Approximately 55 percent of the population identifies itself as indigenous, with 29 percent Quechua, 24 percent Aymara, 1 percent Chiquitano, and 1 percent Guaraní. Several other indigenous groups are also present, although none represents more than .5 percent of the population. Approximately 30 percent of the population identifies itself as mestizo (of mixed indigenous and European ancestry) and 15 percent as white.

The indigenous population is higher in rural areas, where the formal Catholic Church tends to be weaker due to a lack of resources and to indigenous cultural resistance to Church efforts to replace traditional attitudes with more orthodox Catholic practices and beliefs. For many individuals, identification with Catholicism for centuries coexisted with attachment to traditional beliefs and rituals, with a focus on the Pachamama or Mother Earth figure, as well as on Ekeko, a traditional indigenous god of luck, harvests, and general abundance, whose festival is celebrated widely on January 24. Some indigenous leaders have sought to discard all forms of Christianity; however, this effort has not led to a significant increase in the number of "indigenous-belief only" worshippers.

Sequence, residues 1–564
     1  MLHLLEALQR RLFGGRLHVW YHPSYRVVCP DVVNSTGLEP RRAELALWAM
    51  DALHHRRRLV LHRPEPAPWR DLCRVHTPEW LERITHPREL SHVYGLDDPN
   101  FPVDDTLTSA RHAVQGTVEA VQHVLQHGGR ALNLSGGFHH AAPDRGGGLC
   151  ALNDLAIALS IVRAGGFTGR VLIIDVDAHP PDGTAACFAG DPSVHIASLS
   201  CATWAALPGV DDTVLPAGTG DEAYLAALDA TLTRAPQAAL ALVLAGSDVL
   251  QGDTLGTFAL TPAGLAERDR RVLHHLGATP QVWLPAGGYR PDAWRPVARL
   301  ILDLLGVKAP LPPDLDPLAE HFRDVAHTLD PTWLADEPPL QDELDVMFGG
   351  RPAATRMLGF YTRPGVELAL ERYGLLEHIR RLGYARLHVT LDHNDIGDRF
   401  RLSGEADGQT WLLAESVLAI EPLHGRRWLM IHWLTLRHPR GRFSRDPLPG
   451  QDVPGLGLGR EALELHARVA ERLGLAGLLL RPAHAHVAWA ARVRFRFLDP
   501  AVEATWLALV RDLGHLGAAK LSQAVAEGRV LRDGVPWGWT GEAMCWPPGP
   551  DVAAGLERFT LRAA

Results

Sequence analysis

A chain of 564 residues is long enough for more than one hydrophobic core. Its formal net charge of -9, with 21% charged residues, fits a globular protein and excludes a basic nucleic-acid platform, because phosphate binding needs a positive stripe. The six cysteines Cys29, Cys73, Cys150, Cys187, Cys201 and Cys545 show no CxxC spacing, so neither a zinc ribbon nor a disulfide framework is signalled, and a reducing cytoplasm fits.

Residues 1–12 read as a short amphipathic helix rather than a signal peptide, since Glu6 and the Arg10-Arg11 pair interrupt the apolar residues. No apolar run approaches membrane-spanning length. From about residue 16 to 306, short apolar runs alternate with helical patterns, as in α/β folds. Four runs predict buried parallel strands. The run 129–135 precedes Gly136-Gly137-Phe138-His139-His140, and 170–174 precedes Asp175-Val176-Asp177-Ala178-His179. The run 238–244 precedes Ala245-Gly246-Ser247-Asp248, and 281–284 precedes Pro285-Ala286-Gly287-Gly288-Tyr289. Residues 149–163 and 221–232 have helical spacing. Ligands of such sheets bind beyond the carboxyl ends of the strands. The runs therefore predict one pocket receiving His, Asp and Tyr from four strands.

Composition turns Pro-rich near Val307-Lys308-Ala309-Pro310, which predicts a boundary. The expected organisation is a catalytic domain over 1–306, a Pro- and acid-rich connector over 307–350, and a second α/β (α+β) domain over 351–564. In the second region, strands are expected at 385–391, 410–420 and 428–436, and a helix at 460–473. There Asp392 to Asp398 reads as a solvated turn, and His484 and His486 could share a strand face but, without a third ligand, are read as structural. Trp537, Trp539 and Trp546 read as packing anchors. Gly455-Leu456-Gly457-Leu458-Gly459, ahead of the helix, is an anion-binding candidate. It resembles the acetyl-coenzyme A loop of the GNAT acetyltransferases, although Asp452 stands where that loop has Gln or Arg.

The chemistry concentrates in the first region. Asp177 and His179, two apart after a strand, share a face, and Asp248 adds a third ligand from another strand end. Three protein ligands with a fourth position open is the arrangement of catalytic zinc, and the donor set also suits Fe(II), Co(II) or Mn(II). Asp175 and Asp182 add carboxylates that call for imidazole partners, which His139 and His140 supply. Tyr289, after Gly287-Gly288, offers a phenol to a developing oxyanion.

Sources from the Church of Jesus Christ of Latter-day Saints (Mormons) estimate membership in the Mormon Church at approximately 104,000. Mormons are present throughout the country and have a particularly large presence in Cochabamba, where their temple is one of the largest in the world. The Jewish community is spread throughout the country and has synagogues in La Paz, Cochabamba, and Santa Cruz. Muslims have cultural centers that also serve as mosques in La Paz, Santa Cruz, and Cochabamba that welcome both Shi'a and Sunni Muslims. Korean immigrants have their own church in La Paz. Many Korean immigrants and the majority of Chinese and Japanese immigrants settled in La Paz, Cochabamba, and Santa Cruz, where there is a university founded by Korean immigrants that has evangelical and Presbyterian ties. There are Buddhist and Shinto communities, as well as a substantial Baha'i community, throughout the country.

Missionaries are present.

Section II. Status of Religious Freedom

Legal/Policy Framework